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Waterline Models


13 replies to this topic  – Started by Horatio , Jun 15 2012 08:28 PM

#1 Horatio

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Posted 15 June 2012 - 08:28 PM

Hey, I was just wondering what other members thought about waterline model ships. I have never attempted one, but I'm starting to think about it, and I was wondering what some of the advantages are, but more importantly what some of the disadvantages are. I know that it's personal preference, but I don't know that much about building very large ships with that technique (that's the other thing, is I'm interested in how it works for ships larger than the pre-fab hulls would allow).
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#2 Sebeus I

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Posted 15 June 2012 - 08:44 PM

One big disadvantages is strenght, a waterline model doesn't have a complete keel which dramatically reduces strenght, to counter that you'll need to either fix all decks or make the ship in multiple modules (so you carry it around in seperate sections).
The big advantage is that it looks awesome on the surface (check this out), a waterline model is great for combining with port and island dioramas.

#3 kurigan

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Posted 16 June 2012 - 04:44 PM

Well that's not true at all. Mine are all water line an have solid keels as well are fairly stable. It really depends on how your approach it. Brick built is always more challenging
to make stable as to opposed to using prefab Lego hulls. Both have draw backs but stability is one of the hall marks of the prefab method.

#4 Sebeus I

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Posted 16 June 2012 - 11:01 PM

View Postkurigan, on 16 June 2012 - 04:44 PM, said:

Well that's not true at all. Mine are all water line an have solid keels as well are fairly stable. It really depends on how your approach it. Brick built is always more challenging
to make stable as to opposed to using prefab Lego hulls. Both have draw backs but stability is one of the hall marks of the prefab method.
Your ship can't have a complete keel if it's a waterline model  :pir_wacko:
Anyway, stability also depends a lot on the size of your ship, a very big ship has a lot more stability issues.

Maybe there's some confusion about the definition of a waterline model.
I believe it's a model with the submerged part cut off, in other words only that part of the ship that is above the water  :shark:

#5 kurigan

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Posted 17 June 2012 - 12:31 AM

View PostSebeus I, on 16 June 2012 - 11:01 PM, said:

Your ship can't have a complete keel if it's a waterline model  :pir_wacko:
Anyway, stability also depends a lot on the size of your ship, a very big ship has a lot more stability issues.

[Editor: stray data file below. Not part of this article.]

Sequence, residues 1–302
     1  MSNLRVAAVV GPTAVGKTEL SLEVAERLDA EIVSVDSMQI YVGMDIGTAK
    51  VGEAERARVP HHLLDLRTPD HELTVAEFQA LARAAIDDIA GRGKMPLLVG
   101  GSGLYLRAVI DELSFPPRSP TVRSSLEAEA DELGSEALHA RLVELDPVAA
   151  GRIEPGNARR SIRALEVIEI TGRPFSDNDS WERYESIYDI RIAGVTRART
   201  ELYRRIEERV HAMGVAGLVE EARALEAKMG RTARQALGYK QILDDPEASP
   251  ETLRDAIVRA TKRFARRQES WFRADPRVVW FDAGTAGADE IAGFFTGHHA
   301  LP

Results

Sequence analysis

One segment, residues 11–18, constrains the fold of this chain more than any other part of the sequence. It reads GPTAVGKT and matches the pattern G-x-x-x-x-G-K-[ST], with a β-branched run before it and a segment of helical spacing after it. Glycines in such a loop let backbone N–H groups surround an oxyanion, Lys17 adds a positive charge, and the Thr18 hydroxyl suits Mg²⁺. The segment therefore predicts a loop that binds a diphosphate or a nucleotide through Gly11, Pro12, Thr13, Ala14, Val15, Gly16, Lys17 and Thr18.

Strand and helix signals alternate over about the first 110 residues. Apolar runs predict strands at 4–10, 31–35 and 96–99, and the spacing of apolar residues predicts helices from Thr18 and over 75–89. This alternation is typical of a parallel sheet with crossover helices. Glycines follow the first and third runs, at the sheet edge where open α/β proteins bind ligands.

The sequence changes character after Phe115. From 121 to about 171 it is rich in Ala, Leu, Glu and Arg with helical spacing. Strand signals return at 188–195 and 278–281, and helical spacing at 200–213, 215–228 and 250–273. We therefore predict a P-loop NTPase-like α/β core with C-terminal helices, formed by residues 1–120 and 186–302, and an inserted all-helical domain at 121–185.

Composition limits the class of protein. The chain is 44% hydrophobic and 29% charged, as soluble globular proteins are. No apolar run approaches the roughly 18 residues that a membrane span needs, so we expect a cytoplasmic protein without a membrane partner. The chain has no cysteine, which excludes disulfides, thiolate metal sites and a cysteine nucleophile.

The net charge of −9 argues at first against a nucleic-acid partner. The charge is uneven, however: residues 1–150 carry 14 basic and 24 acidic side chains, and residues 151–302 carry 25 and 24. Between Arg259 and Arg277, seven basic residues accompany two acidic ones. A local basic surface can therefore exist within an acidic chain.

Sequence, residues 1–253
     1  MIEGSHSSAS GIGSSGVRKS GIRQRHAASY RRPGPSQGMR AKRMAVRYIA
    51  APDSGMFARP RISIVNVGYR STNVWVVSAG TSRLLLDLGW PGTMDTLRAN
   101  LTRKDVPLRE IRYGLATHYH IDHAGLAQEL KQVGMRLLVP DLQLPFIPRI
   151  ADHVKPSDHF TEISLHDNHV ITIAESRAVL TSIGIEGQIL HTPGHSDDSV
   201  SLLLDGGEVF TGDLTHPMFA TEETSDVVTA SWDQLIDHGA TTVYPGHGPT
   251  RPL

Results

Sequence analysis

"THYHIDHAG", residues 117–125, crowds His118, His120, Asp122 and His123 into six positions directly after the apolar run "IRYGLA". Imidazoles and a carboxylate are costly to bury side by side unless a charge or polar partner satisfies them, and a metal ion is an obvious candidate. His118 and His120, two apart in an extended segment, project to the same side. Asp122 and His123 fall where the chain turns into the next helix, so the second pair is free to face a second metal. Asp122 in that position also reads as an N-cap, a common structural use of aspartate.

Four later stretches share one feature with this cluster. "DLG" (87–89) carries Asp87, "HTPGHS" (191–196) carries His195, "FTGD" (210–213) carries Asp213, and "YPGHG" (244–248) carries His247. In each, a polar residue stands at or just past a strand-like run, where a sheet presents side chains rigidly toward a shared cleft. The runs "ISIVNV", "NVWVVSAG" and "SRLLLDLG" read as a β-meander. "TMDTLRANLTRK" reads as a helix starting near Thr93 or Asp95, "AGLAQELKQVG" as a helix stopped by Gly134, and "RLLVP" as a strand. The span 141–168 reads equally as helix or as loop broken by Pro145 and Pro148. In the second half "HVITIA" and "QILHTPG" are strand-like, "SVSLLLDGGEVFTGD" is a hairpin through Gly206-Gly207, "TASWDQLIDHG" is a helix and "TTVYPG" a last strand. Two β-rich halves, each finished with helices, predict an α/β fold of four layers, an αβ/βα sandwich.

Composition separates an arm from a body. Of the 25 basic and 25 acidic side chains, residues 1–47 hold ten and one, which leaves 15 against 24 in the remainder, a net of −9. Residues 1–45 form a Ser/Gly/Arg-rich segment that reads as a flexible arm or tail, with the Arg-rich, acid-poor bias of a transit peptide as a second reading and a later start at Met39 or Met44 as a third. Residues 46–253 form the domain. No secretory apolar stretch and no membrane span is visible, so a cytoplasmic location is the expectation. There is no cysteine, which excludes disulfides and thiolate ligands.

Maybe there's some confusion about the definition of a waterline model.
I believe it's a model with the submerged part cut off, in other words only that part of the ship that is above the water  :shark:

No, none at all. Didyou look at my ships? See the links below.

#6 Frank Brick Wright

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Posted 17 June 2012 - 06:26 PM

Well, if the keel is under the water-line and if a water-line model only has what is above the water-line, then if it is water-line, it doesn't has a keel, simple logic Posted Image

Of course a water-line model can't have a full keel, your Snake, for instance, which does have a keel, isn't clearly water-line, or if it is supposed to be, well, then…

Posted Image

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#7 Imperial Shipyards

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Posted 18 June 2012 - 08:19 PM

Well a display like that is really nice, but not everybody wants the need to put brickbuild water around their ships. Besides this can be quite a hassle on very big ships, like for instance Sebeus' Dutchman.

View PostSebeus I, on 15 June 2012 - 08:44 PM, said:

One big disadvantages is strenght, a waterline model doesn't have a complete keel which dramatically reduces strenght

This is very true for brickbuild hulls exceeding a certain size. Got to stress that point.

View Postkurigan, on 16 June 2012 - 04:44 PM, said:

stability is one of the hall marks of the prefab method.

Well, that's mostly because prefab ships tend to be rather small. I can remove the prefabs from the bottom of my ships and they stay intact without too much trouble. Pretty much everything else you said is wrong or confusing too.

View PostSebeus I, on 16 June 2012 - 11:01 PM, said:

Your ship can't have a complete keel if it's a waterline model  :pir_wacko:

No, obviously it cannot. But kurigan doesn't seem to understand.

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#8 kurigan

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Posted 18 June 2012 - 08:54 PM

Alright gentleman, it's inappropriate to insult my intelligence. I've explained several times through my own threads that my methods is not exactly a conventional "water line" technique but is ment to be something very much like it. By breaking with convention I find I get the best of both worlds. Much like Rapscallion is displayed, to get the full effect the lower portion of my hulls need to be obscured by some medium, like brick built ocean, but the working theory generates options which is why I offered it here. Now that this has gotten away from being of any use to Horatio, I suggest we gat back on topic.